New research concludes that 15O-water PET can be used to assess blood flow of the right ventricle

At MedTrace we keep a close eye on all new scientific research related to 15O-water and we are happy to see yet again further indications of how relevant this tracer could be to cardiac diseases.

The independent research article “Association of Right Ventricular Myocardial Blood Flow With Pulmonary Pressures and Outcome in Cardiac Amyloidosis” was recently published in the prominent journal JACC: Cardiovascular Imaging.

The aim of the study was to first find a connection between the blood flow in the right ventricle measured with 15O-water PET and the standard measurements of pressure in the right ventricle. Second, the study aimed to determine if this measurement could help predict what might happen in people with cardiac amyloidosis, a condition where abnormal proteins build up in the tissues of the heart affecting its function. 

Hendrik J. Harms, PhD, one of the authors, and Sr. Scientist at MedTrace says:  

“Under normal conditions, blood pressure in the lungs is low and the right ventricle itself, which is generating the blood pressure in the lungs, needs little blood to function. Many cardiac diseases, however, can cause increased blood pressure in the lungs and the right ventricle must work harder, for which it is not built. Measuring the blood flow in the right ventricle can give us insights into patients that may have such elevated blood pressure in the lungs, and possibly identify patients with a high risk of heart failure and death.”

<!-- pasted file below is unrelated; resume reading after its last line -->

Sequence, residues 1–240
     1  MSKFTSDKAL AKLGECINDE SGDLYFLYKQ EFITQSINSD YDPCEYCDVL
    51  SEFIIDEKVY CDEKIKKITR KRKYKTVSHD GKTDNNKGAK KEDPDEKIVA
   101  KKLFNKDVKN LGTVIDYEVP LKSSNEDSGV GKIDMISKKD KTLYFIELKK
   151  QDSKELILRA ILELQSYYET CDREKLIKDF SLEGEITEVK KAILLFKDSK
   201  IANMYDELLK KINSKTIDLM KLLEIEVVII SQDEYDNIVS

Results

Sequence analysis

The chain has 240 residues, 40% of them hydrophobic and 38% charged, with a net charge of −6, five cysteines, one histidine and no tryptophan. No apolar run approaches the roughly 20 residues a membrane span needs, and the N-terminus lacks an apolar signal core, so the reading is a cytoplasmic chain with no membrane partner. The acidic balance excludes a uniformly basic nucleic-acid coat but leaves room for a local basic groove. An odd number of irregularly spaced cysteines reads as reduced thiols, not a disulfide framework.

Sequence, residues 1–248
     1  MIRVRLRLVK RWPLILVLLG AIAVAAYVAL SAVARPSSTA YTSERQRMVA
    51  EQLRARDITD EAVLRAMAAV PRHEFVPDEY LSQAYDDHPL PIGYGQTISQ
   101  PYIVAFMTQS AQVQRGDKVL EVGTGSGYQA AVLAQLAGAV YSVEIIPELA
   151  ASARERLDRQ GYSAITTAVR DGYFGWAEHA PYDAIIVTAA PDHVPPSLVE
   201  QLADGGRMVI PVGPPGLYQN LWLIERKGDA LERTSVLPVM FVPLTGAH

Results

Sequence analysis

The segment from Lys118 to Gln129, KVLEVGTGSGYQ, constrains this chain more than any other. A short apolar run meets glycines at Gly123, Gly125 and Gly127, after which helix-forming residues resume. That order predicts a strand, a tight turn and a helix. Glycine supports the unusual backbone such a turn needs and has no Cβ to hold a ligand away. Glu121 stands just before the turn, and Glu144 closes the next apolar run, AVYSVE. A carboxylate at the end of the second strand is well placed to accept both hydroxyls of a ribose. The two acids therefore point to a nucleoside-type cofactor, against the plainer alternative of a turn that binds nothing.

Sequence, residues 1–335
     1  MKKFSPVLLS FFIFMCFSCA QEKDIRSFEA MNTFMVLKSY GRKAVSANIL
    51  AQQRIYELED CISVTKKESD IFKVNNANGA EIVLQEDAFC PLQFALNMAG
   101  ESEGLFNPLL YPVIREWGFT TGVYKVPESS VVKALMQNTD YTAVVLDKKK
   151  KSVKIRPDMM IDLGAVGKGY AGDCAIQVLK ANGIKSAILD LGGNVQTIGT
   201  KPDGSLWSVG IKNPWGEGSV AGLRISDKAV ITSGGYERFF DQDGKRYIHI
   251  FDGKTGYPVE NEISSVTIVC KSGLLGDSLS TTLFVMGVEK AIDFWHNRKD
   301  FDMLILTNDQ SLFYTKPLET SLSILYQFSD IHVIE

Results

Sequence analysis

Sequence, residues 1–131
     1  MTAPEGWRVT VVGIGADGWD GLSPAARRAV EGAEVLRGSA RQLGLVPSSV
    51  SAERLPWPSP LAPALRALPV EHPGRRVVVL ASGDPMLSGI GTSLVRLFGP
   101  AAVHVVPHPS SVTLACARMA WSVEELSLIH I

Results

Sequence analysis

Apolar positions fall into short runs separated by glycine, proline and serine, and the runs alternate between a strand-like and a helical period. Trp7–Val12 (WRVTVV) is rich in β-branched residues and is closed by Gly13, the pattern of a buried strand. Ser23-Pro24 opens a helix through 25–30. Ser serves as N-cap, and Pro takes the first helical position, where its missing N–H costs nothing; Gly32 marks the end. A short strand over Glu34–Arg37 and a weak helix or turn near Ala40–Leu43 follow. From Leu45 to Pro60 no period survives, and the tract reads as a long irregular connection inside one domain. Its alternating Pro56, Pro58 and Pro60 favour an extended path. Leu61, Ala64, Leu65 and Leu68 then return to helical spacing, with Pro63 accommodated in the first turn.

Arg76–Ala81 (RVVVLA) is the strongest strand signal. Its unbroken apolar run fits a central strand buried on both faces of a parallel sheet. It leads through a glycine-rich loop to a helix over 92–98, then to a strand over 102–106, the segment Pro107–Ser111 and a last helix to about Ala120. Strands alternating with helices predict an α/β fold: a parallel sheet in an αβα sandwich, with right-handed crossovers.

The authors conclude that it is possible to measure the blood flow of the right ventricle of the heart using 15O-water PET and that, if the right ventricle has an elevated myocardial blood flow as compared to the left ventricle, patients are more likely to have pulmonary hypertension (a condition that affects the blood vessels in the lungs) and suffer from heart failure or death.  

We are looking forward to seeing further scientific research on the potential for diagnostic use of these findings. 

The article “Association of Right Ventricular Myocardial Blood Flow With Pulmonary Pressures and Outcome in Cardiac Amyloidosis” was written by: 

Hendrik J. Harms PhD a b
Tor Clemmensen MD, PhD b
Sara Rosengren MD c
Lars Tolbod PhD b
Björn Pilebro MD, PhD d
Gerhard Wikström MD, PhD c
Sven-Olof Granstam MD, PhD c
Tanja Kero MD, PhD a
Marcelo Di Carli MD, PhD e
Steen Hvitfeldt Poulsen MD, PhD b
Jens Sorensen MD, PhD a b

a Department of Surgical Sciences, Nuclear Medicine and PET, Uppsala University, Uppsala, Sweden
b Clinical Institute, Aarhus University, Aarhus, Denmark
c Department of Medical Sciences, Uppsala University, Uppsala, Sweden
d Department of Cardiology, Umeå University, Umeå, Sweden
e Brigham and Women’s Hospital, Boston, Massachusetts, USA

Access the article via ScienceDirect here.